Explain why n^5 - n is divisible by 5 for n=0,1,2,3,....
Can anyone explain to me how to do this?(without mod - I haven't learnt that)
Thanx
Hello,
$\displaystyle n^5-n=n(n^4-1)=n(n^2-1)(n^2+1)=n(n-1)(n+1)(n^2+1)$
If $\displaystyle n=5k$ : it is divisible by 5.
If $\displaystyle n=5k+1 \implies n-1=5k$ : it is divisible by 5.
If $\displaystyle n=5k+4 \implies n+1=5k+5=5(k+1)$ : it is divisible by 5.
If $\displaystyle n=5k+2 \implies n^2+1=(25k^2+20k+4)+1=5(5k^2+4k+1)$ : it is divisible by 5.
If $\displaystyle n=5k+3 \implies n^2+1=(25k^2+30k+9)+1=25k^2+30k+10=5(5k^2+6k+2)$ : it is divisible by 5.
You (or rather I...) have done all the possible situations.
yes it is.Originally Posted by Showcase_22
a is divisible by b if when a is divided by b, the quotient is an integer (0 is an integer) and the remainder is 0.
Moo is on the right track. However, note that
$\displaystyle n^5-n=n(n+1)(n-1)(n^2+1)$
$\displaystyle \color{white}.\hspace{10mm}.$ $\displaystyle =n(n+1)(n-1)(n^2-4+5)$
$\displaystyle \color{white}.\hspace{10mm}.$ $\displaystyle =n(n+1)(n-1)(n^2-4)+5n(n+1)(n-1)$
Now $\displaystyle 5n(n+1)(n-1)$ is divisible by 5, while $\displaystyle n(n+1)(n-1)(n^2-4)=(n-2)(n-1)n(n+1)(n+2)$ is the product of 5 consecutive integers and so is also divisible by 5; hence their sum is divisible by 5.
You did not show that $\displaystyle (k-5)(k+1)(k+2)(k^2+2k+2)$ is divisible by 5 for all $\displaystyle k$, only that it’s divisible by 5 for $\displaystyle k=5.$ That’s not good enough.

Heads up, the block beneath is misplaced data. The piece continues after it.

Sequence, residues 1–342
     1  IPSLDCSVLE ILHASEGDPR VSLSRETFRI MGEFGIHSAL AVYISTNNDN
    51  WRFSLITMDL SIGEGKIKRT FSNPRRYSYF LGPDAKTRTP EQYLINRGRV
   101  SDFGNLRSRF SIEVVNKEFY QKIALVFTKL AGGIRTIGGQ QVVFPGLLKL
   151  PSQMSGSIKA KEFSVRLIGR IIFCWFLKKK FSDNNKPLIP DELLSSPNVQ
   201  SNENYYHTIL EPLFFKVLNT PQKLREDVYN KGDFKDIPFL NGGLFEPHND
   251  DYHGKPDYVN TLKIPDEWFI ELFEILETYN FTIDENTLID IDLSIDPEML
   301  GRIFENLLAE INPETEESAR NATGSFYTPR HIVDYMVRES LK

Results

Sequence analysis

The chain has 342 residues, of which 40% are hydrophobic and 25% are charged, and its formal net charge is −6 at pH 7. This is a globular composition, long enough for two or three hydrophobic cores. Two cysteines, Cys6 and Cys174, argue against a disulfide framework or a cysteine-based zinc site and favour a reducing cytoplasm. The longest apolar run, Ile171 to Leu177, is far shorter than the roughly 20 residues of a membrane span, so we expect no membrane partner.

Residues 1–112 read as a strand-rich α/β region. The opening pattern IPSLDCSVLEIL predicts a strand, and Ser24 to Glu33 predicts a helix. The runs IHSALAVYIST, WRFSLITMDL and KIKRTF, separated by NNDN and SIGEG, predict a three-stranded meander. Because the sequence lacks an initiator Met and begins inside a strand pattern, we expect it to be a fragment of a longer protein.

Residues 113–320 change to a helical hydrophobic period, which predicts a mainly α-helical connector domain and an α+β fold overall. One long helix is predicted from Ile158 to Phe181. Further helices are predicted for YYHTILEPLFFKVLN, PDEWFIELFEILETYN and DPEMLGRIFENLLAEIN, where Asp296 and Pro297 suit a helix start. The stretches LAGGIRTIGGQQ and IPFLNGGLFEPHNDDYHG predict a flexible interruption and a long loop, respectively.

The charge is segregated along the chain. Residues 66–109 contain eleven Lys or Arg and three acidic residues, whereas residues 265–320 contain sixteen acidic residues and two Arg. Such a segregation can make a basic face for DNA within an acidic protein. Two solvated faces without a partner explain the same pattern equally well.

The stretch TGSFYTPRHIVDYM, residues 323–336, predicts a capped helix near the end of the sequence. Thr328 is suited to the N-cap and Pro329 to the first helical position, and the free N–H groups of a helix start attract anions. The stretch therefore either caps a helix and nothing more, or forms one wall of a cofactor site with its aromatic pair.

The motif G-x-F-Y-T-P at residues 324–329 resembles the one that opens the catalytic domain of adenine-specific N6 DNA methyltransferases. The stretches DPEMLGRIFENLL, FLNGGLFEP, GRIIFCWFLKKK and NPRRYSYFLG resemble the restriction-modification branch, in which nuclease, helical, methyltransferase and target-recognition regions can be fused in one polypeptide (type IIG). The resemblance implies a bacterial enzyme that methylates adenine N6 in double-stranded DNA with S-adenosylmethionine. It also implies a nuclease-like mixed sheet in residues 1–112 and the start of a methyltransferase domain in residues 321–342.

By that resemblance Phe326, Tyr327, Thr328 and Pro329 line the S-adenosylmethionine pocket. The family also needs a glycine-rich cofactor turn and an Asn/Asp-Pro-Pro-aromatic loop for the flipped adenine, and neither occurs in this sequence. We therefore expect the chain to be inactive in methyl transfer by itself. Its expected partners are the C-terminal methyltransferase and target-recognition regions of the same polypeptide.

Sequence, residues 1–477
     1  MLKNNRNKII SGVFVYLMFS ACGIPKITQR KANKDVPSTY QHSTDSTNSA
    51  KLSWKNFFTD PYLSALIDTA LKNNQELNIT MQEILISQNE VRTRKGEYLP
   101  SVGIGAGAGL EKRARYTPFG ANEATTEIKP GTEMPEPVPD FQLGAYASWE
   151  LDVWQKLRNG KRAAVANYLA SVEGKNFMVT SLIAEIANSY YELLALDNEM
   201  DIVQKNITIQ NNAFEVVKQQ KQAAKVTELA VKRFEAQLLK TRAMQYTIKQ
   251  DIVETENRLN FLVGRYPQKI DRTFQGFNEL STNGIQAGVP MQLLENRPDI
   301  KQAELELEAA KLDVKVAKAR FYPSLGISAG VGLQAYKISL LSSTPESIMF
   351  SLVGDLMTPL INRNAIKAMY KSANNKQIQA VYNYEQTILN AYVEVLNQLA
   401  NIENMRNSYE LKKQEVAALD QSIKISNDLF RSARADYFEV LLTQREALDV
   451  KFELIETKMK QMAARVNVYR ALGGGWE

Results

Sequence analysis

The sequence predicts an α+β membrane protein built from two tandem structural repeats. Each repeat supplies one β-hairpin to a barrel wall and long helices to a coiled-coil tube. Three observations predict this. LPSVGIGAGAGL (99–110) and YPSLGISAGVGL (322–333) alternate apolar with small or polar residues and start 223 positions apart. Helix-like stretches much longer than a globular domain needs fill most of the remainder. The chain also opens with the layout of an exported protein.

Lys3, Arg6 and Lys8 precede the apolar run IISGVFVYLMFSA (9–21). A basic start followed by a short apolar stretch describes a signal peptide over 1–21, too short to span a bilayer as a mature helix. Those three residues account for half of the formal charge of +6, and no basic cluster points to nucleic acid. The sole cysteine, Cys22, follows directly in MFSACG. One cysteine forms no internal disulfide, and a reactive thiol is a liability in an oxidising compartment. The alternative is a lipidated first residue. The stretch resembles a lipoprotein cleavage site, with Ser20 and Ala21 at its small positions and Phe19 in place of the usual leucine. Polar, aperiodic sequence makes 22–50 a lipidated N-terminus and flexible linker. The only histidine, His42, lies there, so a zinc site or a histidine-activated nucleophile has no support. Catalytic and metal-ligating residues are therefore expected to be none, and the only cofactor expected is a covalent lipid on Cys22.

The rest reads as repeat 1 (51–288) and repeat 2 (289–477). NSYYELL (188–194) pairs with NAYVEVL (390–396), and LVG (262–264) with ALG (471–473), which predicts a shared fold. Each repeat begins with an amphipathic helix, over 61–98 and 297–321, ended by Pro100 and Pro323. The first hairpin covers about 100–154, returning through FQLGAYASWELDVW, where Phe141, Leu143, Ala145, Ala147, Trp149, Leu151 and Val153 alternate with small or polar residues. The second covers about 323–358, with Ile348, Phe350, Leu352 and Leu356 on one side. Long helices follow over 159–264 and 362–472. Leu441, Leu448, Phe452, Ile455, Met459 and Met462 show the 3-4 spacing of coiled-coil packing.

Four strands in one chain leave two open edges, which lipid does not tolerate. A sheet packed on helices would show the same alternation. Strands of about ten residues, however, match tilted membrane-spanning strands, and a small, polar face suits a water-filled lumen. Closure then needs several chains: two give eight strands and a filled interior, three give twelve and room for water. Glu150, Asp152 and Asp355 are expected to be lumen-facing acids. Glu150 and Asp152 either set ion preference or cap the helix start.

If you want to use induction, there is no need to factorize. Just use $\displaystyle (n+1)^5-(n+1)=(n^5-n)+5(n^4+2n^3+2n^2+n).$
I thought that you assumed it was true for n=k+1 and you could only say it is true after you've proven it?
In this case, I assumed it was true and worked through it. If it wasn't true I wouldn't have ended up with something that was divisible by 5 at the end.
You don’t assume it is true for $\displaystyle n=k+1$. In proof by induction, you assume your formula is true for $\displaystyle n=k$, then prove it is true for $\displaystyle n=k+1$.
Be careful what you can and cannot assume in proving something. In proof by contradiction, you assume that the result you want to prove is false, then show that this leads to a contradiction. However, you never assume what you want to prove is already true before proving it. This fallacy is called “begging the question”.
ahhhh, I get it!
So I was begging the question when I assumed it was true for n=k+1 ie. I assumed it was true before I had proven it.However, you never assume what you want to prove is already true before proving it. This fallacy is called “begging the question”.
Well I won't make tha mistake again. Thankyou!